How Long Does Alcohol Stay in Your System?

Alcohol

Many of us have been there before: You’ve had a few drinks, and now you’re wondering when you’ll be completely sober again. Read on to find out how long does alcohol stay in your system and what can you do to speed up the process.

The answer to this question depends on how much alcohol you’ve had to drink – the larger the number of the drinks, the higher your blood alcohol content and the longer it takes to clean out your system. Once the alcohol is consumed it will slowly enter into your system and remain in the blood until the body itself expels it.

Even though it’s a fact that some people tend to get drunk faster than the others, we all sober up at the same time. The liver does 90% of the work when it comes to metabolizing alcohol, breaking it down and flushing it out from your system. Everyone’s liver metabolizes alcohol at the same rate: 1 ounce (29 milliliters) per hour. The rate in which alcohol is broken down does not vary based on some factors like the person’s weight, size, or sex, although this is very popular belief among people. Alcohol can leave your body through perspiration, breath, and urine, which means that the majority of it will be broken down with the metabolism.

The standard alcoholic drinks are a 12-ounce (355 milliliters) beer, a 1.5-ounce (44 milliliters) shot of 80-proof liquor and a 6-ounce (177 milliliters) glass of wine. They all contain 1 ounce of alcohol, which means that one drink will stay in your system for one hour. So whether you are drinking beer or wine, most beverages contain a similar amount of pure alcohol which will affect your body. Contrary to common belief, there’s nothing you can do to make it go faster. Not even a strong coffee, a cold shower or vomiting will shorten your waiting time.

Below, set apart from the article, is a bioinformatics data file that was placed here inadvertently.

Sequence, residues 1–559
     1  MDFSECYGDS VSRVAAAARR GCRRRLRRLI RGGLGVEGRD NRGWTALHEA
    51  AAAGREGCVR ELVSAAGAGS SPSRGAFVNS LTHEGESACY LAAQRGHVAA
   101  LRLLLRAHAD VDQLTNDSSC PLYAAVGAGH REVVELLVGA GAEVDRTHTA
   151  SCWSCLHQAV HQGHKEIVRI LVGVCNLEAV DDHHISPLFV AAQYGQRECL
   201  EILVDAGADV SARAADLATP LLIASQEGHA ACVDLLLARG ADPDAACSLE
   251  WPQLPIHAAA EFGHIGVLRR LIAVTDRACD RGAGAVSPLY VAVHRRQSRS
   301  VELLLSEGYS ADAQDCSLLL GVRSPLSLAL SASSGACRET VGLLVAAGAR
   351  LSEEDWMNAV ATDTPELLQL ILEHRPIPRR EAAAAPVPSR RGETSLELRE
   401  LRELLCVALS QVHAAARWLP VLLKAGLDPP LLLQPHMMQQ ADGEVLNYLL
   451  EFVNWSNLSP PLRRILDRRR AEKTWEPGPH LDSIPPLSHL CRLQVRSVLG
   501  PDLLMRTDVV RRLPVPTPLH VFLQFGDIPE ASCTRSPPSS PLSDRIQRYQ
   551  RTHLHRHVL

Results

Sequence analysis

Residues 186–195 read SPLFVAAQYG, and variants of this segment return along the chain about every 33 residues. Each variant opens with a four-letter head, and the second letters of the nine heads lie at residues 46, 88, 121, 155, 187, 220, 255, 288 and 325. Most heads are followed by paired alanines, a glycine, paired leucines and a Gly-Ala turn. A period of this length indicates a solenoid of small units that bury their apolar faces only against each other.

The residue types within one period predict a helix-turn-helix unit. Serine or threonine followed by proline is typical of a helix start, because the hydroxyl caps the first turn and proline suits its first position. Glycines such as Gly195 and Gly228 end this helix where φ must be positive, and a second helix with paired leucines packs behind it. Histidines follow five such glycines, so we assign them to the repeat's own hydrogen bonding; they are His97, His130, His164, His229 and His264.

If you’re drinking one drink per hour, your liver will be able to keep up with the workload and flush all the alcohol out as it comes in. However, if you’re downing shot after shot, you’ll definitely screw up the equation. Your liver will continue to work at the 1-ounce-per-hour rate, so all the extra alcohol will start circulating through your body, waiting to be processed. As the alcohol floats around, having its way with your brain, your blood alcohol content stays elevated. Even after you have stopped drinking, the amount of alcohol in your system will continue to rise.

However, there are several ways to help you slow down the level that alcohol enters your system. For example, if you eat something while you’re drinking alcohol, you will slow down the intake of alcohol into your metabolism. In this way, you can manage your sobriety effectively.

It has also been proven that drinking soda or water in between alcohol will also slow down the rate in which alcohol enters your bloodstream. Another good idea is to sip drinks slowly in order to avoid too much alcohol entering your system at any time. Try this method of drinking one drink per hour if you want to avoid having too much of the chemicals enter your body.
So, as you can see, it is possible to slow down the level that alcohol enters the system, but you cannot increase the rate that it leaves the body.

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